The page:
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Education news and notes from Tampa Bay and Florida

Today's news



Tb_hilskuls_450x300 CELL PHONE CONTROLS: The Hillsborough School Board considers stricter limits on cell phones in schools, in the wake of reports that kids use their phones to pass word of fights. (

SUE THE BEEKEEPERS: Limona Elementary has accused two men's bees of stinging kids and leaving corrosive droppings behind. So the Hillsborough board has decided to sue the men.

"IT'S GOING TO BE BAD": Rising costs and shrinking revenue have Pasco school officials preparing for tough budget times ahead. The silver lining, if there is one, is that the district has been growing, which has limited the pain.

CHARLIE AND THE SILVER LINING: Gov. Crist exudes optimism about the budget and education in his State of the State, saying "The state of the great state of Florida is strong." To read the speech (as prepared, not necessarily as delivered) click here.

TOP OF THE CLASS PASCO: Big bubbles, smelly cheese and scientific hypotheses (Cypress Elementary)

SHAKING UP THE BOARD OF GOVERNORS: Florida Senate leaders want to change the university governance system, but folks within the system contend that chaos would follow, the Sun-Sentinel reports. More on the topic from the Palm Beach Post here and the Miami Herald here.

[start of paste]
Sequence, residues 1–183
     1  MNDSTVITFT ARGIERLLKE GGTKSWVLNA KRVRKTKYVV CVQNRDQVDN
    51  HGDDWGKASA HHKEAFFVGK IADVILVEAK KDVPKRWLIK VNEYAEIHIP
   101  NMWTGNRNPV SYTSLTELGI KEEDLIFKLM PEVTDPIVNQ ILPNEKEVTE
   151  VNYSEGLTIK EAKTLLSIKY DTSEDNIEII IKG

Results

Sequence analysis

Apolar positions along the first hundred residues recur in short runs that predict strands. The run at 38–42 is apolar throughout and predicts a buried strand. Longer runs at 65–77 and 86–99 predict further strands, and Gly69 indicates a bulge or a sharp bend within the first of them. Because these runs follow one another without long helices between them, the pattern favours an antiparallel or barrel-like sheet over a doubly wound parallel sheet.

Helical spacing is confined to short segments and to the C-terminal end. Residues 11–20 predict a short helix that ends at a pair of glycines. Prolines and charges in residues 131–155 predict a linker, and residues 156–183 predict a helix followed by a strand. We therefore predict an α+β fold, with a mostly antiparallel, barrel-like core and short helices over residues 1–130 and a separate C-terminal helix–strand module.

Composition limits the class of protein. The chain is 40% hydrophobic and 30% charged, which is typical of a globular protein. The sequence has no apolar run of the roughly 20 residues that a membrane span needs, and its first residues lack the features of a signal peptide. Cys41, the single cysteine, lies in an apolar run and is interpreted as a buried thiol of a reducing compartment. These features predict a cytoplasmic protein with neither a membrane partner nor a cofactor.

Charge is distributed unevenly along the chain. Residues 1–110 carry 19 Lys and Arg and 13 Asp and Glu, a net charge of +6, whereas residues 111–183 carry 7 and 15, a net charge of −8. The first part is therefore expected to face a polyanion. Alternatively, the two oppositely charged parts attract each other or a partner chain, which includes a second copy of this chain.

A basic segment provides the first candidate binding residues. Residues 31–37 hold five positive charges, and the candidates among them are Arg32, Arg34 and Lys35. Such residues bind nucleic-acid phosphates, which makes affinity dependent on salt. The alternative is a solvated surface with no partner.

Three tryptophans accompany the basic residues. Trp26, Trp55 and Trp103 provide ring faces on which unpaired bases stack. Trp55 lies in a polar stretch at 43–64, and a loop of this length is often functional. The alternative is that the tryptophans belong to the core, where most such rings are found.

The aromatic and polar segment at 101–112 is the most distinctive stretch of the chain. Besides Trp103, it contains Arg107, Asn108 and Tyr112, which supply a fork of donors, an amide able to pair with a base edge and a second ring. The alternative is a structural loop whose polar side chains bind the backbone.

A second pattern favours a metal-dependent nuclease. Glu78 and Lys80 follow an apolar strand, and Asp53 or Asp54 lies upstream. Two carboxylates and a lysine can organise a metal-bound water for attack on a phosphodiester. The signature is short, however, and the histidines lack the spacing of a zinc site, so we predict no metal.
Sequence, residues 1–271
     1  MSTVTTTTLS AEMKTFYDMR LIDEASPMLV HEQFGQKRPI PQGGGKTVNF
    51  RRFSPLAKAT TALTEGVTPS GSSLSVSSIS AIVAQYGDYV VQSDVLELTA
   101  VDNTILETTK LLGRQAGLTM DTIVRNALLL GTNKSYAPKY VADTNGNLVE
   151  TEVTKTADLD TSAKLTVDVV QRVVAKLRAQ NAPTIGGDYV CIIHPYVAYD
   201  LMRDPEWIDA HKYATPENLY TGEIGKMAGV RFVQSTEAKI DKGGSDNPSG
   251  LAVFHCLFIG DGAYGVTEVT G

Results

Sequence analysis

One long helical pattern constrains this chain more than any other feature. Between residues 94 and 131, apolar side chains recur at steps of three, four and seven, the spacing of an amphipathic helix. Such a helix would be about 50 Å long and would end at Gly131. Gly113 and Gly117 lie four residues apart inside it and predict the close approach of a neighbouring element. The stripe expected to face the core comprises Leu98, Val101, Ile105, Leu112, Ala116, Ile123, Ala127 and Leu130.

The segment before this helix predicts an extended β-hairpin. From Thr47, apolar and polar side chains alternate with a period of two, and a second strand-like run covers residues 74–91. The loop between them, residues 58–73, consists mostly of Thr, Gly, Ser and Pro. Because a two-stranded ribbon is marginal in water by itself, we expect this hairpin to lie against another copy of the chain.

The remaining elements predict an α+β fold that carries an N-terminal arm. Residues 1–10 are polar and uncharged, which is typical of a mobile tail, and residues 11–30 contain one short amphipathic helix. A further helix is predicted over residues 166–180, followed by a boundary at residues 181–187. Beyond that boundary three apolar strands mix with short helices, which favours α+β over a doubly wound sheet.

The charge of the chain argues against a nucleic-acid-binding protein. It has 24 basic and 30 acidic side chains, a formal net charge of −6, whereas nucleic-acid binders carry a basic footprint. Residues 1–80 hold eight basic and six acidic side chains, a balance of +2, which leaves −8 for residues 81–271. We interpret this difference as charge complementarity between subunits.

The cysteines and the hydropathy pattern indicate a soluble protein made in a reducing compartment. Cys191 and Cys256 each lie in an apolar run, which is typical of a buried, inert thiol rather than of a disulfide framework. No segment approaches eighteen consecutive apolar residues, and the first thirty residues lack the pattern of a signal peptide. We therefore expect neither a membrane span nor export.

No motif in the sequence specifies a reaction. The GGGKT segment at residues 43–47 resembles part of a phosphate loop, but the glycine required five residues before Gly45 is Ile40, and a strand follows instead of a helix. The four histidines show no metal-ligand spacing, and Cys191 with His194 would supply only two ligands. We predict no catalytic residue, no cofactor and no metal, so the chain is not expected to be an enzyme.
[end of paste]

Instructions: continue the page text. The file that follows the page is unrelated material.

STOP FCAT PREP: The House K-12 Education Committee unveils its new "enhanced" Sunshine State Standards bill - really a recycled "world-class standards" bill from a year ago - adding language that would ban schools from spending state money on FCAT prep materials and prohibit them from dropping the regular curriculum in favor of FCAT prep, the Palm Beach Post reports.

NO EXCUSES NEEDED: Broward students who don't wear their school uniform no longer need to provide a religious reason to be exempted from the rule, the Miami Herald reports.

PAYING KIDS TO LEARN: New York schools are piloting a program where students get paid for good performance. So far, the district has distributed more than $500,000 to nearly 5,300 students at 58 schools, the NY Times reports. There's a bill pending in the Florida House that would establish student performance pay here, too.

FIX THE FCAT: The annual test needs improvements, but there's little hope for that if the state can't even deliver scores in a timely fashion, the Palm Beach Post editorializes.

[Last modified: Tuesday, May 25, 2010 9:36am]


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